Throughout its life in the Toyota family, the Avalon was always Grandma. She wasn’t a crazy, cat lady witch, but rather a gentle and cultured matron of advancing age – baking scones and wearing button-up lamb’s wool sweaters.
However, that old, quaint nana Avalon retired – replaced by a matriarch who demands a good deal more request.
The 2013 Avalon made its debut recently at a special event in Napa’s wine country. Toyota was eager to get auto journalists together out in the generous harvest season sunshine for what was advertised as an aggressive redesign for what was once considered – even according to Toyota execs – a safe, reliable but essentially boring car.
I drove the 2012 Avalon and decided that it was exactly what it was intended to be – what it needed to be – a cost friendly luxury sedan.
Starting around $32,000, the 2012 Avalon was a more affordable alternative to her powerhouse European predecessors like a BMW or a Mercedes-Benz. That Avalon was a professional man’s car wrapped up in leather, technology and toys – with ample seating and a welcoming trunk.
The only drawback to the 2012 version was its lack of overall “wow factor.” It was easy to drive, but not fun to drive. It was comfortable, but not exciting. Those are the issues Toyota attacked with the 2013 Avalon.
Remember my long reach for that “grandma/old lady” metaphor? We’ll swing back to that here for a second because old ladies get facelifts to sexy themselves up a bit. The same goes for the 2013 Avalon. It receives a new, more aggressive grill, 18 inch wheels, decorative dual exhaust ports (like the Lexus performance car club). Its overall lines are more angular and aggressive, shaking up the anonymous look of last year’s Avalon.
Once in the driver’s seat, you’ll find the new performance philosophy at your fingertips. The new Avalon offers a Sport Mode for tighter steering, firmer suspension and better acceleration. The in-dash monitor system was inspired by the $400,000+ Lexus supercar, the LFA. Paddle shifters in that Sport Mode offer the chance to interact with the road more tactilely – something the old Avalon didn’t provide.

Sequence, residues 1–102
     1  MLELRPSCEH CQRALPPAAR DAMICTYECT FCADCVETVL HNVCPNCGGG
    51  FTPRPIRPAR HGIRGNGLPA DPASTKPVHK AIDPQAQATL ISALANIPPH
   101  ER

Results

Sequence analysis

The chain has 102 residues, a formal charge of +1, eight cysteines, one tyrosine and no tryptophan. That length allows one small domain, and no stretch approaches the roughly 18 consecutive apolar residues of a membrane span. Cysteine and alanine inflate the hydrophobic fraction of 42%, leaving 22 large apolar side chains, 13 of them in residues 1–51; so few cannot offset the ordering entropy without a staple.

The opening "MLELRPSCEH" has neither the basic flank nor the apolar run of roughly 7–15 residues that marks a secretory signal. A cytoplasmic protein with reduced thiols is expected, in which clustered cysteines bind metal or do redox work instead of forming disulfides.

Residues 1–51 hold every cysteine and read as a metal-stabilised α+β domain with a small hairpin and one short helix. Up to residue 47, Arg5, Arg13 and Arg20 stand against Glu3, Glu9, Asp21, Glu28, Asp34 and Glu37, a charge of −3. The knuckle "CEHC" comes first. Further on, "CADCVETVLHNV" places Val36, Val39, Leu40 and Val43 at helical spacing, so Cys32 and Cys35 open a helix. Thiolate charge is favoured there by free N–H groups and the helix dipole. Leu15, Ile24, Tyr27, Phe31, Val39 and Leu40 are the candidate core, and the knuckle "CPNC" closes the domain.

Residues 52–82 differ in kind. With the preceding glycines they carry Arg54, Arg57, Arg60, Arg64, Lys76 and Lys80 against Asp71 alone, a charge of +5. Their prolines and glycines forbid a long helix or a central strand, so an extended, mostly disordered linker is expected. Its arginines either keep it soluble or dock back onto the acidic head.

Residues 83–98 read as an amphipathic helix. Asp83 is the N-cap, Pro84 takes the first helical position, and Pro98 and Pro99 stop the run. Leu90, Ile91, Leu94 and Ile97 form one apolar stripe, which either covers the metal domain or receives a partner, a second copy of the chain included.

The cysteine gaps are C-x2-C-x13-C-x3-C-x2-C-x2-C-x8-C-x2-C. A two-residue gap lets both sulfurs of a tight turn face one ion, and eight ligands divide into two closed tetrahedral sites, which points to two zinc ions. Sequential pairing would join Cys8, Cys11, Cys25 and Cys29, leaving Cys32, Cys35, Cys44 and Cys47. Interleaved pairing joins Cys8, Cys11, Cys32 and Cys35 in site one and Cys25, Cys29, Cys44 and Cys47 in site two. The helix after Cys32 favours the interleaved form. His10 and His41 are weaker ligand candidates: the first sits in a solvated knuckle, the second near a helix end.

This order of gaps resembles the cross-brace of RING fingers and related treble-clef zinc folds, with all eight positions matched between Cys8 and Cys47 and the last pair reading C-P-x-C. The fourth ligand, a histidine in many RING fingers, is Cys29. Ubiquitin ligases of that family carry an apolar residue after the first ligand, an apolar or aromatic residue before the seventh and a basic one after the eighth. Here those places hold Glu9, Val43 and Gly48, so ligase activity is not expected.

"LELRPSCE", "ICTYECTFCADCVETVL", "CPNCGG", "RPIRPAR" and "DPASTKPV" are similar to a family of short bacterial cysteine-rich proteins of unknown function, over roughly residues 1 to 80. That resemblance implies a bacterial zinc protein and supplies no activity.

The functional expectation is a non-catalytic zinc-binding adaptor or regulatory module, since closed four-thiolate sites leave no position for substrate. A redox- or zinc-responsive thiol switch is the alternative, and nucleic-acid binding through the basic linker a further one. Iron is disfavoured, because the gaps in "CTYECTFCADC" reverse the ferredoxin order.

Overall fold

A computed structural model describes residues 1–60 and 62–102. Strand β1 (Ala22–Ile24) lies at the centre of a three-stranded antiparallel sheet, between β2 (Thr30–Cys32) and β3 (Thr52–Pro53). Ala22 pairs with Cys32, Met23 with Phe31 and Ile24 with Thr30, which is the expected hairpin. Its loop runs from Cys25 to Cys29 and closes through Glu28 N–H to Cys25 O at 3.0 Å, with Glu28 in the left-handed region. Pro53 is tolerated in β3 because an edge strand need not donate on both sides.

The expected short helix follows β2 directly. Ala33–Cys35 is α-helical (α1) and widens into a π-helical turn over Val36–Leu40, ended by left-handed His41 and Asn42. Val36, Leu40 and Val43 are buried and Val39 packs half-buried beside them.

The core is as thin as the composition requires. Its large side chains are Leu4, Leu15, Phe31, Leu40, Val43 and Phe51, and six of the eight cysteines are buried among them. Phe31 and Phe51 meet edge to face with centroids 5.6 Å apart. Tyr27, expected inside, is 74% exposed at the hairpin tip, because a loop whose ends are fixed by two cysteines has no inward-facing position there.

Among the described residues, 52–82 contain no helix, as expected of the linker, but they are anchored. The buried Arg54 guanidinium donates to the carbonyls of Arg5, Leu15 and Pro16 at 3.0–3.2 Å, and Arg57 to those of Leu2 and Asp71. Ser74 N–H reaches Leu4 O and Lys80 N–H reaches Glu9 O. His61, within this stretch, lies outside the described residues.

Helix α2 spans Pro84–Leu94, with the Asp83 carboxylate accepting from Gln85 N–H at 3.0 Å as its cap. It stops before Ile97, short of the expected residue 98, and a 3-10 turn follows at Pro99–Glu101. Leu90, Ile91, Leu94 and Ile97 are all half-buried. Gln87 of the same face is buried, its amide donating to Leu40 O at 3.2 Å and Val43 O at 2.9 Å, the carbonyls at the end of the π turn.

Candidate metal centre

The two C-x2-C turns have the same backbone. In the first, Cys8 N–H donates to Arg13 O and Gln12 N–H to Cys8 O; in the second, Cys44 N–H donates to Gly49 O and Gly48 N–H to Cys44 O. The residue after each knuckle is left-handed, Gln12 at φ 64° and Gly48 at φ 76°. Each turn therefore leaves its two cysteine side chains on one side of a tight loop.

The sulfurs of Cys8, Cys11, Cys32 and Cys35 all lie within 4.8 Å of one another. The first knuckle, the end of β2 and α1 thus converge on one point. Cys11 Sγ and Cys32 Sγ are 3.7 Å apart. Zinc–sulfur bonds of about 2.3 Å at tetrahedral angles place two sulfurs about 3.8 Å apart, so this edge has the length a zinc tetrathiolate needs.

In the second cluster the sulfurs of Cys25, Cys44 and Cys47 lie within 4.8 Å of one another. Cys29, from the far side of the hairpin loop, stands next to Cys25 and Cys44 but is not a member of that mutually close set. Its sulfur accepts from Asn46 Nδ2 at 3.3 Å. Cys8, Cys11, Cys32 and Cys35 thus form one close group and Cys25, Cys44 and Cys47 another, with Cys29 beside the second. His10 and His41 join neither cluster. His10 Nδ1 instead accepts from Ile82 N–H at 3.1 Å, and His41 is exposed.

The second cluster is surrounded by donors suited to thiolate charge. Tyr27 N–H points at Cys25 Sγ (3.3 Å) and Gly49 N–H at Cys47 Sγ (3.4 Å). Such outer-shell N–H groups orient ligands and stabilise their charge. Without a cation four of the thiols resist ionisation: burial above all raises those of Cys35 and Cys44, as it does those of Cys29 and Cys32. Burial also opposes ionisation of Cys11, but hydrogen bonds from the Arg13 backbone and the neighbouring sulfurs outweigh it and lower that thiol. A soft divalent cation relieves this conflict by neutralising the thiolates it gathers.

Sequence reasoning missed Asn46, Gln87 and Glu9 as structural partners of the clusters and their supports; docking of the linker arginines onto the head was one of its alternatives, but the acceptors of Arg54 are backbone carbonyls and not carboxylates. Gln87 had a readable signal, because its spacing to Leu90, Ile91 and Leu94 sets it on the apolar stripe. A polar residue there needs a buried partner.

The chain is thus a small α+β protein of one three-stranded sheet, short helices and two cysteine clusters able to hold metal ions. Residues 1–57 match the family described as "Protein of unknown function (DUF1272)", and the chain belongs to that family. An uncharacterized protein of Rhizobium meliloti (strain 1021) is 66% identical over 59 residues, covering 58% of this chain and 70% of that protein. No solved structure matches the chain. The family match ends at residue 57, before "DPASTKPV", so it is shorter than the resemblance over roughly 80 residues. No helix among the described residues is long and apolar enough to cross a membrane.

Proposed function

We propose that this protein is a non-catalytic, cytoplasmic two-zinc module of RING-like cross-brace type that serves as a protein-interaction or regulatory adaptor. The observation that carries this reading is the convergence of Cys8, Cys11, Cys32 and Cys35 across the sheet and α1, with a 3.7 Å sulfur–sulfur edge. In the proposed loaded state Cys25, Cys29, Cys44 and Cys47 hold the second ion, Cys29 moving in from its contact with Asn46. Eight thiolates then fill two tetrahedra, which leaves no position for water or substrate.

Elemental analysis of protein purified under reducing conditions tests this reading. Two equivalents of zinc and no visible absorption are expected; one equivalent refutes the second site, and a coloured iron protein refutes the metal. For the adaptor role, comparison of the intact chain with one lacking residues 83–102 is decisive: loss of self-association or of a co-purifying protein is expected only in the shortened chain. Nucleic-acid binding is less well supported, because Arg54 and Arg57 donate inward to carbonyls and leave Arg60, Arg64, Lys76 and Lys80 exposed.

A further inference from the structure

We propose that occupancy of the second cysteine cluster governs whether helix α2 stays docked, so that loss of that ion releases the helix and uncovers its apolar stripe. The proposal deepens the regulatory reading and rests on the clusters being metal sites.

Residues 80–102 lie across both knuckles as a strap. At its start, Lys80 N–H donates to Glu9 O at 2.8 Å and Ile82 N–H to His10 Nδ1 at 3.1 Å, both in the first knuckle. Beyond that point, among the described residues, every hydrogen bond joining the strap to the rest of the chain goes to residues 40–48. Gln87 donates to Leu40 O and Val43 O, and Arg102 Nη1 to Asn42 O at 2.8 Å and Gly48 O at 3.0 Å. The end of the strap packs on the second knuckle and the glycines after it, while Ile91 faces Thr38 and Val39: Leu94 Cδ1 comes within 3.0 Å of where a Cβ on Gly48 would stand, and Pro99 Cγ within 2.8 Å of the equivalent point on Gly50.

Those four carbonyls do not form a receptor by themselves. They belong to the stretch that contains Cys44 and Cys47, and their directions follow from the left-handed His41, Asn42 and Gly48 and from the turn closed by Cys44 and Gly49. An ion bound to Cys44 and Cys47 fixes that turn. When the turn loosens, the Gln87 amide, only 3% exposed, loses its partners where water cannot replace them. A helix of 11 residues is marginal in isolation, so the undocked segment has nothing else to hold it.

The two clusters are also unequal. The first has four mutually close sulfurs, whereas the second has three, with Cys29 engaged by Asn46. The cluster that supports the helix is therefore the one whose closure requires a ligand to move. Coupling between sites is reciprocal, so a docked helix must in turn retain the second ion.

Regardless of a driver’s chosen trim set-up, the 2013 Avalon comes with an Anti-Collision System, Blind Spot Monitor and Radar Cruise Control.
Not surprisingly, my favorite edition of the new Avalon is the 2013 Limited Edition with its maximum trim package and performance package. I would’ve had to hit last year’s Avalon with a wrecking ball to get any tire squeal out of her. But, one punch of the accelerator on the 2013 laid a little strip of burnt black and a sports car-worthy screech from the wider tires.
For the more eco-conscious drivers, the Avalon now comes in a fully hybrid version. A brief test drive demonstrated now reduction in performance or ride comfort in a 3,500 lb. hybrid sedan promising 40 mpg. Throwing those numbers together is no minor feat of engineering, and Toyota’s home team deserves one of those scones I mentioned earlier.
So, while it pasts every test, the 2013 Avalon does face one big question and a challenge from Toyota’s sister company. In short, if a driver is in the market for an approachable Japanese luxury sedan, why would he or she choose the Avalon over a lower level Lexus?
The answers are both practical and psychological. The 2013 Avalon will sell for a couple grand less than the Lexus ES, while offering similar performance. It becomes a question of how much snob appeal that driver wants. Does he or she want that slanted L on their grill? Is it necessary to have that “fancy” aura of the Lexus? Or, would a less expensive car with similar features and feel suffice?
Would you prefer a lady of flash and style or of effectiveness and modesty? It all depends on what kind of grandma you like.